While smaller firms may opt to remotely run real-life Windows PCs from their Macs, larger firms may opt instead to set up a bank of virtual PCs on a remote desktop server (RDS). This requires a larger investment in hardware but offers significant benefits as well. While the specifics of this approach are somewhat technical, the basic concept is straightforward. In an RDS setup, a computer with a large amount of hard drive space and random access memory is instructed to virtualize a set number of PCs. Even though these virtual PCs do not exist in real life, Mac users who want to work on one can use the same remote desktop protocol (RDP) program as they would if they were remotely running a physical PC.

With an RDP setup, the “target” PC is loaded with the firm’s PC-specific software, printer profiles, user information and other environment properties. All of this is accessed by a Mac-using attorney through the RDP session; nothing aside from the RDP program is installed on the Mac. This is called a “thin installation” by the IT community and provides many advantages, chief among them being that the virtual server handles the entire computing load.

While using a remote Windows machine is excellent for tasks such as word processing, it is not good at Web browsing or graphics and video editing. Of course, if you were doing those sorts of things, you would be doing them locally on your Macintosh anyway.

Oh, the cloud! The third and most exciting option for bridging the Mac/PC divide is the cloud. The cloud refers to the use of software-as-a-service providers through a Web browser. Rocket Matter (rocketmatter.com) and other similar practice management and legal billing providers are excellent examples of cloud-based services, as are cloud-based backup solutions such as Mozy (mozy.com), and Carbonite (carbonite.com). The ever-popular Dropbox (dropbox.com) and its chief competitor, Box (box.com), are examples of cloud-based file services that are available to attorneys.

Aside from being the inevitable future of computing, the most exciting thing about cloud-based software is that it is platform agnostic. Cloud services are accessed via a Web browser and don’t care if you’re using Apple’s Safari, Microsoft’s Internet Explorer (avoid anything earlier than IE 9!) or Google’s Chrome browser. Cloud resources can be accessed, literally, from anywhere, on anything.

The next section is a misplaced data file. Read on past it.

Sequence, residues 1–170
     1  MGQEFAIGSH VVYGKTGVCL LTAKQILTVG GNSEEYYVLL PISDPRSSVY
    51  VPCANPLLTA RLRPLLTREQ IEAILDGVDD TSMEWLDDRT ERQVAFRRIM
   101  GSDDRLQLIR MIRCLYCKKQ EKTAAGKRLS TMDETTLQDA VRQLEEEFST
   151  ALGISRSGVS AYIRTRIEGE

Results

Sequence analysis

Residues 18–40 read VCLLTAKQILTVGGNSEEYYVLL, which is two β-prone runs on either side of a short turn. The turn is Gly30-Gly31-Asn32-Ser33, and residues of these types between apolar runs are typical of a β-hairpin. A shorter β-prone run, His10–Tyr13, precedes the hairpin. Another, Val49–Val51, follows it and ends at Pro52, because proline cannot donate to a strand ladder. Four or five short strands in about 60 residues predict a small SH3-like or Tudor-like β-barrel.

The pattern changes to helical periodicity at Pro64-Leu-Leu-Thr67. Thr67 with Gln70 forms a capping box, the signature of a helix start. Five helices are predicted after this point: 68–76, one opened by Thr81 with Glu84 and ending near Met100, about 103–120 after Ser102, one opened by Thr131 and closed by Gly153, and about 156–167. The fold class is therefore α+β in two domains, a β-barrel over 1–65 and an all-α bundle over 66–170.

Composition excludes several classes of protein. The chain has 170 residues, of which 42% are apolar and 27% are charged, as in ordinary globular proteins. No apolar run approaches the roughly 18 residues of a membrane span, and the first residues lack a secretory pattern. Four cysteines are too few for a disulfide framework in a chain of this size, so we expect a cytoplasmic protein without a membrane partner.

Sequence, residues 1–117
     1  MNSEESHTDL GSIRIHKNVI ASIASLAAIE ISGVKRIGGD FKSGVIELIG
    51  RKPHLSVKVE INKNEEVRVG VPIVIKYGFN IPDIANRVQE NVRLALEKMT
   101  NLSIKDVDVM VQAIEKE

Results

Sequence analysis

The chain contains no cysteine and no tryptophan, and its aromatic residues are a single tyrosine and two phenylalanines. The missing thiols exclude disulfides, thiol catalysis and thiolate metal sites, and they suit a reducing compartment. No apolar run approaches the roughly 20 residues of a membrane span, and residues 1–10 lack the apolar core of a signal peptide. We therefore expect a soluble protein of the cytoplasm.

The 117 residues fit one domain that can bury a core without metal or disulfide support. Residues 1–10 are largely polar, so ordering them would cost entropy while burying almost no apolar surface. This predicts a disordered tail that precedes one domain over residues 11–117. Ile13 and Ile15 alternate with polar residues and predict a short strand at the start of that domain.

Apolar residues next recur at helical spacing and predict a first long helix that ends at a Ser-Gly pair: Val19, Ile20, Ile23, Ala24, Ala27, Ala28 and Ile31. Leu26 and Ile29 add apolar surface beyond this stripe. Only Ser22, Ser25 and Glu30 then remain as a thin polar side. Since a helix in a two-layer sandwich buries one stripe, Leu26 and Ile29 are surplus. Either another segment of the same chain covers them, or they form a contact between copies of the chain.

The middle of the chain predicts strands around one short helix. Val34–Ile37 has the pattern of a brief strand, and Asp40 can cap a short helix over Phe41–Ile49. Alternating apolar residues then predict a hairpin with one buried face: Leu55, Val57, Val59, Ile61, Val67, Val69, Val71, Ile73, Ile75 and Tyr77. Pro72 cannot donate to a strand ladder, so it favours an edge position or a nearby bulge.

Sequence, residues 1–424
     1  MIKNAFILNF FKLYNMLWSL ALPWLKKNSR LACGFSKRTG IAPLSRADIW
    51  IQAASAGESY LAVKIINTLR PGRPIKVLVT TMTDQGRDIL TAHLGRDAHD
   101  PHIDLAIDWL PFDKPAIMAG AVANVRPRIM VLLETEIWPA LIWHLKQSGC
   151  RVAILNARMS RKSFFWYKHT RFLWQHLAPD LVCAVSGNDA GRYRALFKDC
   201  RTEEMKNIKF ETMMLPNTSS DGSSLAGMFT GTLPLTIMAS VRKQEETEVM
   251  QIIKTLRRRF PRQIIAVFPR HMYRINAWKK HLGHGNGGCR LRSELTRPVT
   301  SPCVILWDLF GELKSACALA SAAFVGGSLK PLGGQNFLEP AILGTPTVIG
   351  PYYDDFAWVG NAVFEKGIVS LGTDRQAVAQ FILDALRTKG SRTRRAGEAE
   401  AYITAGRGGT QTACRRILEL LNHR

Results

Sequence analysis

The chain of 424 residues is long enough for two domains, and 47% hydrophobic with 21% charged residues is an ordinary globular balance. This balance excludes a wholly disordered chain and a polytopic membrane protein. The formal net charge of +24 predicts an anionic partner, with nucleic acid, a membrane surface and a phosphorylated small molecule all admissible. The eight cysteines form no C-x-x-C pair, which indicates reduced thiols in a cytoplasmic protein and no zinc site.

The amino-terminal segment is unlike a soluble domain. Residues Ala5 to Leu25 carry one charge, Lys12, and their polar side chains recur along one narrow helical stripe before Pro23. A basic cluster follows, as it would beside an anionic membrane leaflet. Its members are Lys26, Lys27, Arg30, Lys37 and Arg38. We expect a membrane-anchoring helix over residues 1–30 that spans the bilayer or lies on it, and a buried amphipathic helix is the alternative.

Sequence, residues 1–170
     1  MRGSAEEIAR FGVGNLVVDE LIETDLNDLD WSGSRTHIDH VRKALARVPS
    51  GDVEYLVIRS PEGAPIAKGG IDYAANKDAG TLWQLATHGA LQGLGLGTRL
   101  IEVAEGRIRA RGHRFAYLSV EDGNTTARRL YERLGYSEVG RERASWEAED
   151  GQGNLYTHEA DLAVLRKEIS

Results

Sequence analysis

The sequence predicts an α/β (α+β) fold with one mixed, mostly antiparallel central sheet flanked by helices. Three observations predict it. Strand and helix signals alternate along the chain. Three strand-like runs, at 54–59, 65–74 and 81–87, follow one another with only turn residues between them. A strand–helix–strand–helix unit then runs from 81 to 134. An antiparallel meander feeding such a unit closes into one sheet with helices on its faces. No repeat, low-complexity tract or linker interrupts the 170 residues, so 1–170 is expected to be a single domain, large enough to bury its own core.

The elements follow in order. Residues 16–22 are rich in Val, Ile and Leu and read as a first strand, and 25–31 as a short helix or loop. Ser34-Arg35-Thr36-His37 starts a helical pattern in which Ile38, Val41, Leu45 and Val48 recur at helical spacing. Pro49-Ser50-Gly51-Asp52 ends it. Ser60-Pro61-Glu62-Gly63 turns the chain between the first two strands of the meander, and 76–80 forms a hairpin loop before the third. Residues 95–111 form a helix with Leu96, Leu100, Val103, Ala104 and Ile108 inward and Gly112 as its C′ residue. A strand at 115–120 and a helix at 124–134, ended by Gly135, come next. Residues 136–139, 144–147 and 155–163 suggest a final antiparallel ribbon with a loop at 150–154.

Firms that allow attorneys to use PCs or Macs—but still wish for those two camps to play nicely together—are strongly advised to seek solutions in the cloud. You can easily have a dual Mac and PC environment and not miss a beat. Not only are cloud-computing solutions efficient in terms of workflow and accessibility from any platform from anywhere, but they also provide enormous advantages in terms of price and having the most up-to-date software available.

Regardless of whether a Mac-using attorney chooses to use compatible software, to virtualize a PC on his or her Mac, to remotely access a physical PC or a set of PCs on an RDS, or to fly into the cloud with his or her colleagues, options to collaborate with PC-using colleagues are available, rich and convenient.

RESOURCES FOR MAC-USING ATTORNEYS

Mac-using attorneys are able to access resources and assistance from others that were unavailable even half a decade ago. The infamous Mac Track (techshow.com) at the ABA’s TECHSHOW is a perfect example. Before 2008, the Mac Track did not exist. At ABA TECHSHOW 2013, Mac Track was both the fastest growing and one of the best attended tracks of the entire conference. And it will be expanded in ABA TECHSHOW 2014, with special attention provided for attorneys using iPhones and iPads in their practice.

Another incredible resource is the MILO (Macs in Law Offices) Google Group. Since its founding in February 2007, the group has developed into a robust community of Mac-loving attorneys numbering more than 4,000. Any Macintosh-using attorney who wants to drink deeply of the wisdom of fellow Mac-using attorneys can merely post a question to the group and, usually within hours, numerous experts from across the country (and even from other countries) will offer helpful advice, support and camaraderie. No discussion about Mac-loving attorneys would be complete without mentioning MILOfest (milofest.com), a three-day conference held in Orlando, Fla. every October, tailored specifically to Mac-using attorneys.

Did we mention the blogs? Oh, the blogs! From Ben Stevens’ excellent The Mac Lawyer (themaclawyer.com) to David Sparks and Katie Floyd’s insanely popular Mac Power Users podcast (macpowerusers.com) to Randy Singer’s charmingly anachronistic The Law Office Software List for the Macintosh Computer (macattorney.com), there is a great variety of incredibly high-quality content for Mac lawyers online.

CONCLUSION

The workflow, efficiency and lifestyle advantages of using a Mac in your law practice are apparent. Indeed, an increasing number of attorneys are going “all Mac” every day. However, those Mac attorneys who work in a PC firm should not despair, as a number of workflow, software and app solutions are available to help those attorneys not only exist but thrive in a PC environment. Happy Mac-ing!